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“We look to Fresh Fruit as a force – like we look to all art – a force for disruption and change.”  Fiona Bradley, Director, The Fruitmarket Gallery

Fresh Fruit is a powerful example of how art can develop the skills and confidence of young people.

It is the core of The Fruitmarket Gallery’s youth engagement programme and allows 16-25 year olds the chance to gain inspiration from the artists behind world-class exhibitions.

Fresh Fruit uses a co-production model: it is peer-organised and peer-led. Young people work with artists and gallery staff to devise activities inspired by the Fruitmarket’s programme, with an emphasis on skills development. Fundamental to this is that Fresh Fruit is led by the young people themselves, with events and activities set up by them in collaboration with the gallery.

Working with Glasgow-based artist Jacqueline Donachie has helped the group grow in confidence and skills. During the exhibition  Right Here Among Them which ran between November 2017 and February 2018, the artist invited young people to be an active part of the exhibition.

Central to the exhibition was the work Advice Bar (Expanded for the Times) which was first created in New York in the mid-1990s, when a young Donachie created a temporary bar and dispensed drinks and free advice to visitors. More than 20 years on, the artist felt it was important that the advice was offered by young people; specifically, she felt it resonated with how in recent years support structures have diminished for those in need across Scotland.

The Advice Bar involved close collaboration between the artist and the young people. Donachieexplained the ideas behind the work and also set out the rules of the bar – primarily, that only those who came with a problem could be served.

“The Advice Bar gave us an opportunity to show our audience that young people are important to us.”   Fiona Bradley, Director, The Fruitmarket Gallery

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The gallery’s youth engagement work is on an upward trajectory, becoming ever more innovative and inspiring.Events such as Exchange: Art Party, free evening of performance and music which attracted an audience of 200, have engaged more young people to get involved, building their experience of working with the public and with artists.

“It was definitely co-production; when so many of our ideas were taken on board and executed it really taught me that if you support your case, if you explain where youre coming from and why, then nothing really is impossible.”  Tosia Bargiełowska-Johnsen, Fresh Fruit member

Such close collaboration between Fresh Fruit and an artist as part of the main exhibition programmehad not been done before, and the young people’s participation in the presentation of Donachie’s Advice Bar was more public-facing than a lot of their previous projects.

Each Fresh Fruit member was paid the Scottish Living Wage for two-hour advice shifts, of which there were 80. Around 440 people were served with drinks and advice. The young people said they felt valued, respected and listened to as collaborators and colleagues and happy to run the Advice Bar in their own way.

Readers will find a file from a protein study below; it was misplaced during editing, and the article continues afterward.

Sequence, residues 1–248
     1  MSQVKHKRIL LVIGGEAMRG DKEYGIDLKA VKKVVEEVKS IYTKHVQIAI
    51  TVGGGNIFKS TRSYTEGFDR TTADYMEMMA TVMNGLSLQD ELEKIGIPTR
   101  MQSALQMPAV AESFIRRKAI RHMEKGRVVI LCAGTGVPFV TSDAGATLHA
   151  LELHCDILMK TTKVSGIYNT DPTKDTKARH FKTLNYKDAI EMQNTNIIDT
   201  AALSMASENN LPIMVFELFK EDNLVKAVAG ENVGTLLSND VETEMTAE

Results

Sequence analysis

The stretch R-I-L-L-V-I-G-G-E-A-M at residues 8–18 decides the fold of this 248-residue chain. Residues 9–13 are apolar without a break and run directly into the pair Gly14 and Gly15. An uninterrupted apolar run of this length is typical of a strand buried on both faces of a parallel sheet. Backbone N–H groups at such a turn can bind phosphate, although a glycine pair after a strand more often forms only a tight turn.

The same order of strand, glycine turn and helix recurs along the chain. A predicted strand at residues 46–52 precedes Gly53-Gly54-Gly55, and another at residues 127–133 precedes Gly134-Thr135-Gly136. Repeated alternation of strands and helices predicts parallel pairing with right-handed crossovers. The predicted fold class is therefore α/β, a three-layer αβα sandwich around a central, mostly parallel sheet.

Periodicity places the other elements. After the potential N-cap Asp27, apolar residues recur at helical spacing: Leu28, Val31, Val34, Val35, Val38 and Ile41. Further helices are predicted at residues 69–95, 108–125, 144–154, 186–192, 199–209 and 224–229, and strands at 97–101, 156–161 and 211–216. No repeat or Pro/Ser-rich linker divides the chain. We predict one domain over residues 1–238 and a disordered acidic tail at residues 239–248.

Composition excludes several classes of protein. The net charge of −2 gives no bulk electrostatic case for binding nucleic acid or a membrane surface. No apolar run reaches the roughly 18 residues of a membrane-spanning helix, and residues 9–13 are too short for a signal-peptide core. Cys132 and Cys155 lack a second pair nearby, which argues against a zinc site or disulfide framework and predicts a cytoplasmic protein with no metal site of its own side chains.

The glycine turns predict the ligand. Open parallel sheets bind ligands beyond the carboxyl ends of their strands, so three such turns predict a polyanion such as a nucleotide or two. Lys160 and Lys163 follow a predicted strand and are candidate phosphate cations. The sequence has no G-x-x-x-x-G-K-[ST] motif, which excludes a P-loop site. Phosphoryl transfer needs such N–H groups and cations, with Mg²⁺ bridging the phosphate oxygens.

In addition, the project fed into the young people’s sense of developing their own practice, whether as an artist, educator or generally as a creative person. It gave them freedom to develop in a supported situation.

“I think the young people found it really empowering to be given a position of power. They were in charge and felt that people really got something from the conversations that they had. I think it made them realise that a lot of the experience that theyve already got is valuable and important.”  Jacqueline Donachie, artist

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Donachie’s exhibition had a far-reaching impact on Fresh Fruit itself – the group has become larger, stronger and more structured. More young people became committed to it because they had been given so much decision-making power in something that was truly meaningful and conceptually and creatively stimulating.

Other events also took place as part of the Donachie exhibition such as Advice For Our Times. Thissaw the gallery host a day of advice and information where lawyers and organisations shared their knowledge about immigration, benefits, housing and their legal rights in terms of Scottish Law.Hosting the day clearly articulated how artists can be agents of change and disruption. Donachie’s influence changed how the gallery works, encouraging the organisation to think about what it can do.

“Artists are very good at problem solving, theyre very good at picking up on things and making them visible in a different way to perhaps theyd been visible before.” Jacqueline Donachie, artist

We welcomed the chance to work closely with Fresh Fruit in the presentation of Donachie’s Advice Bar as part of Jacqueline Donachie’s exhibition. The project opened up the work of our youth group to our audience, giving it visibility and setting a precedent for co-curated events that we are enjoying seeing proliferate in our programme. We look forward to working with Fresh Fruit more and more innivatively in the future.  Fiona Bradley, Fruitmarket Director


To find out more:

The Fruitmarket Gallery, 45 Market Street, Edinburgh, EH1 1DF

031 225 2383||




Watch the film! Click on the link below to watch the film produced by Fresh Fruit from footage taken during the Art Party

Acknowledgements: SCAN would like to thank The Fruitmarket Gallery and colleagues for taking part in this research, including Fiona Bradley (Director), Jacqueline Donachie (Artist), and Tosia Bargiełowska-Johnsen (Fresh Fruit member).

IMAGES: Colin Hattersley